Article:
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Thrump

power of matrix math...

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When I first got into 3d graphics, matrix math seemed liked an unneccessary complexity. Why multiply the point by a translation matrix, when you can just add 3.5 to x? Well, here''s my character animation operations that have to be applied each frame (in order)... apply hierarchy to model (1 op) get initial position required for animation (4 ops) apply shape rotation (3*n ops) where n is depth in hierarchy(up to 7) apply root animation pos (1 op) apply mirror(makes right-handed animation left-handed) (1 op) animation splice (4*n ops) where n is # of animations spliced trans to origin (nice to start at 0,0,0) (1 op) rot to nearest 90 degrees (1 op) scale model (1 op) apply orientation (make y up vector) (1 op) apply slide (1 op) apply local pos/rot matrix (2 ops) Well, that''s good enough I guess. So, if I have 5 animations spliced together, that makes 50+ operations for each vertex in the hand (depth of 7 in hierarchy). With matrices, you can combine that into 1 matrix, meaning instead of doing 50+ operations, you only do 1 matrix*vector application. Now that I think of it, most of those rotations above have 3 matrics each. So that pushes it to 70? operations in just one matrix X vector operation. Needless to say, matrices make this feasible in real-time. Anyway, just wanted to count how many matrices I was cramming into 1, and then thought I''d share it with you all.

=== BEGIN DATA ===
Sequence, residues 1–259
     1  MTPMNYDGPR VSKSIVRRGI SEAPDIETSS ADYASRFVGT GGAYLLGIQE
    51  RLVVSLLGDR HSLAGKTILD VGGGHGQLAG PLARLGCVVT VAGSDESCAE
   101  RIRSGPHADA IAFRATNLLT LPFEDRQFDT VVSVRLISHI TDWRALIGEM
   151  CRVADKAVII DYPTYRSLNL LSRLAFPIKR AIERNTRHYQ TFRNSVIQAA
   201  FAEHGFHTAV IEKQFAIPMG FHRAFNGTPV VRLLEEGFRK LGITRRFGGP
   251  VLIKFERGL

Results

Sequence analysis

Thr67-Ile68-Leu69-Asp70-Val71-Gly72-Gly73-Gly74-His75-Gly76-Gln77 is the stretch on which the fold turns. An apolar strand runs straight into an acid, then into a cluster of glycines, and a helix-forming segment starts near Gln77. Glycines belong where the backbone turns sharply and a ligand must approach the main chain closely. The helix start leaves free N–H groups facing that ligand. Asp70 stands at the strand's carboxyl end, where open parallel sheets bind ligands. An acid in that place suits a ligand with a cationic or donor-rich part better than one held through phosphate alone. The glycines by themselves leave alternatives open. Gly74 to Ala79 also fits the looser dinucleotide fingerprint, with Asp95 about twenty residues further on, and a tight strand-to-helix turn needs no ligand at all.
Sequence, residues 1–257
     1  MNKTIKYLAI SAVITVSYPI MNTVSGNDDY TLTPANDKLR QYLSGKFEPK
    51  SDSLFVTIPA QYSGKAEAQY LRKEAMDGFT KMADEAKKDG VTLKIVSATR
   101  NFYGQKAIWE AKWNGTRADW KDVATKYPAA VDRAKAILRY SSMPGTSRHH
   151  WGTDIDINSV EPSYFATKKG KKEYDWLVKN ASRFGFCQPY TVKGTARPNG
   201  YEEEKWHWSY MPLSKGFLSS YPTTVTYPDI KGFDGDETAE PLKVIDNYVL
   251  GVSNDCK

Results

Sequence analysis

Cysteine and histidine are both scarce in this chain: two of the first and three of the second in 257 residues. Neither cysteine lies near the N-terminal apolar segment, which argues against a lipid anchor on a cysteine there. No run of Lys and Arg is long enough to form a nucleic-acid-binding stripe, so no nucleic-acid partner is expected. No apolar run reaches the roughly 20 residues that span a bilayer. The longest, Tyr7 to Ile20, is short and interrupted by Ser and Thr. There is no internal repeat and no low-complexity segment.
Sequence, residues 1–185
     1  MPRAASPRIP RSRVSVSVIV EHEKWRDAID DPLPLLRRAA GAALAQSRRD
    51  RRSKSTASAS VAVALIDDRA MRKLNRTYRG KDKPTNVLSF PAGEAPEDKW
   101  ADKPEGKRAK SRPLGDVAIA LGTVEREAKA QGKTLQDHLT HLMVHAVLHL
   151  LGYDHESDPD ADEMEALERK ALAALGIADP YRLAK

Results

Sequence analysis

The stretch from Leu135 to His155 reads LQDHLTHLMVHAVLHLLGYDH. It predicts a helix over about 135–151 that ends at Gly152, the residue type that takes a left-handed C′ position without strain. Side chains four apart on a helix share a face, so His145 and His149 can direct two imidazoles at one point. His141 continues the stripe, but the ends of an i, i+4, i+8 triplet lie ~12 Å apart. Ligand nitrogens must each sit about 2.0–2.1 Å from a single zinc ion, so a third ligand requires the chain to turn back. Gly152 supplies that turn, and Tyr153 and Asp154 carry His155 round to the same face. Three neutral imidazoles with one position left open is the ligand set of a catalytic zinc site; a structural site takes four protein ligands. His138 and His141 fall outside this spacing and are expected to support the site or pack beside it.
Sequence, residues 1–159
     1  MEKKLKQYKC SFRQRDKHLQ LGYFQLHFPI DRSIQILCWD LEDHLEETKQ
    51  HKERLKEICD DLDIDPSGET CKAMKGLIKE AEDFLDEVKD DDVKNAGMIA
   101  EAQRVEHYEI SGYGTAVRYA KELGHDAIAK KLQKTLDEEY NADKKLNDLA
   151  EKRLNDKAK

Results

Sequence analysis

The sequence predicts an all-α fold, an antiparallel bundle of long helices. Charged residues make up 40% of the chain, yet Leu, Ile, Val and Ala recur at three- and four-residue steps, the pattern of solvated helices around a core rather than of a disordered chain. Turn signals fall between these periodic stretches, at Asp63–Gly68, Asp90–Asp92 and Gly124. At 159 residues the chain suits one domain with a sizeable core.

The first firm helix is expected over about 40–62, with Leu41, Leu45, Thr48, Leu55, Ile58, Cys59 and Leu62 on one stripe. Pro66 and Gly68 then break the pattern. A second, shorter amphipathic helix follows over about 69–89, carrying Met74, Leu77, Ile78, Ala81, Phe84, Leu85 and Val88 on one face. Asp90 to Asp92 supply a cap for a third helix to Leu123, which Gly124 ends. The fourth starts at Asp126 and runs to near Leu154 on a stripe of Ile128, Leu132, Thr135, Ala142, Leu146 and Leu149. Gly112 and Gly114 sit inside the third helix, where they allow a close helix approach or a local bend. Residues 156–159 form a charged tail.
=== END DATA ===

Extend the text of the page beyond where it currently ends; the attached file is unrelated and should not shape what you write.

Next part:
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Actually using matrices simply makes it easier for humans to understand. It really doesn''t matter if you put the values in a four by four array or into a structure or made them seperate parameters into a function. You still have to do the same work to apply the transformation.

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I''m not sure I understand your reasoning. I''m talking about how you can store up lots of transformations in one matrix, then once you have it you can apply it to all the points you want, without having to recalculate everything. How do you do that without them?